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    Helping Street Animals: Together We Can, an animal shelter initiative by Big Data Marketers

    Published on May 12, 2022

    Cows, buffaloes, and dogs roaming the streets and eating from garbage bins are a common sight in almost every part of India. Even though there have been multiple government interventions, the problem persists. India has over 5 million stray cattle according to the livestock census data released in January 2020 and more than 35 million stray dogs.

    The stray cow attacks on humans and crops in both urban and rural areas are an issue for the residents. Stray cattle are a nuisance to traffic in urban areas and frequently cause road accidents. The abandonment of cattle is unfortunate as they are quite an important resource, contributing to nutritional security and strengthening local livelihood.

    Founder and mind behind the animal shelter, Vivek Malik, an Indian Entrepreneur, states there are several reasons for the high share of stray cattle in the country: from neglect of the indigenous populations to excessive focus on crossbreeding in the past few decades. Increased mechanization and the national ban on cow slaughter have further added to the problem.

    In the common parlance, stray cattle include cows, bulls, or calves that are abandoned because they are unproductive. They also include low-yield cows, mostly owned by city-dwellers, that are set free to roam about in the open during the daytime. While stray cattle are a traffic nuisance in cities, they also raid crops in villages.

    Vivek Malik highlights, Dogs are the most emotionally fulfilling animal and yet we care so little for them. Talking further about stray dogs, Millions live on the streets. Most are direct descendants of their feral canine ancestors, a “breed” much older than any AKC (American Kennel Club) breed. With the recent increase in popularity among Indians of full breed dogs, more and more street dogs have abandoned pets or have bred with pet breeds.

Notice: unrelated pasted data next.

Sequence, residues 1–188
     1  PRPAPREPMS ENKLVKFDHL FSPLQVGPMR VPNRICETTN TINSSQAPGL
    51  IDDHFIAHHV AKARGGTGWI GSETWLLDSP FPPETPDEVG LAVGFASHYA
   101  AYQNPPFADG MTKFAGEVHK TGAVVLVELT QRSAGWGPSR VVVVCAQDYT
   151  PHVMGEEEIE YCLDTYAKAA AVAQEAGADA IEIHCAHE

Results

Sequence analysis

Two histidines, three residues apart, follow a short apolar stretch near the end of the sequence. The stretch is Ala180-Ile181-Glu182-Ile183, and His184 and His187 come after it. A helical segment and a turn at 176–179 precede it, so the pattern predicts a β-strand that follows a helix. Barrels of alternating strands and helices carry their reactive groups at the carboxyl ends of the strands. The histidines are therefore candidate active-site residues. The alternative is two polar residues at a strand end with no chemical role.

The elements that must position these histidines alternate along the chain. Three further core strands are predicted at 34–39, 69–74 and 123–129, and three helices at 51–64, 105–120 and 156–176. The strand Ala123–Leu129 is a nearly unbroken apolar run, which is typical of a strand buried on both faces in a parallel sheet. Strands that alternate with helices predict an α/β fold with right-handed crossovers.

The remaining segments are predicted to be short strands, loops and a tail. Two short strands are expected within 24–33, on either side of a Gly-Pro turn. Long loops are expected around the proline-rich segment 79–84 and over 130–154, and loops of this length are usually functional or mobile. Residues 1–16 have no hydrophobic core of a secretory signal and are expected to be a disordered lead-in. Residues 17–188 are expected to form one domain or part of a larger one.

Although they are widely feared because some carry rabies, for the most part, India’s street dogs are not aggressive and will only bite if provoked. Indeed, many are fearful of humans and sadly, the dogs’ fears are well-founded. India’s street dog population is closely associated with municipal sanitation practices – or neglect thereof. Because these homeless dogs often survive by scavenging rubbish, exposed garbage means more healthy dogs – and more puppies. Ironically, this makes the dogs a boon to public sanitation. By scavenging garbage, they reduce perishable waste that could otherwise be a source of contamination for people. And their presence around garbage keeps away other potentially dangerous scavengers, such as rats and mice.

    Unfortunately, fear and ignorance have led many Indian citizens and officials to see street dogs as nothing but a nuisance and to seek eradication using inhumane methods such as poisoning and beating. But for every dog killed, another typically comes in to take over that dog’s territory. The only scientific method to humanely reduce street dog populations is mass spay and neuters, commonly known as animal birth control (ABC).

    While the Government struggles to protect our street animals like cows and dogs, Vivek Malik is looking forward to sheltering both cows and dogs together with his initiative, Together We Can, starting with the first physical shelter at Murthal, Haryana, India, and aiming to reach all the states by the year 2025.

    Follow them on Instagram for all the latest updates @togetherwecan.co.in

    https://www.instagram.com/togetherwecan.co.in/

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